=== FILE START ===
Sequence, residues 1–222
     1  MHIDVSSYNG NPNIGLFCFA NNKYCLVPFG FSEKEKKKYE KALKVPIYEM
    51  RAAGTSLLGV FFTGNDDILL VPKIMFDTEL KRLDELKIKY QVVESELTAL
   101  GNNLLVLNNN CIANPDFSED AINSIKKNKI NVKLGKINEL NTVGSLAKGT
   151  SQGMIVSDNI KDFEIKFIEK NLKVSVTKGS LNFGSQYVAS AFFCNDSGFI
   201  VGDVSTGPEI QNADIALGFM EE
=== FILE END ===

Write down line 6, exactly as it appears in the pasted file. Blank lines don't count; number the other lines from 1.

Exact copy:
   201  VGDVSTGPEI QNADIALGFM EE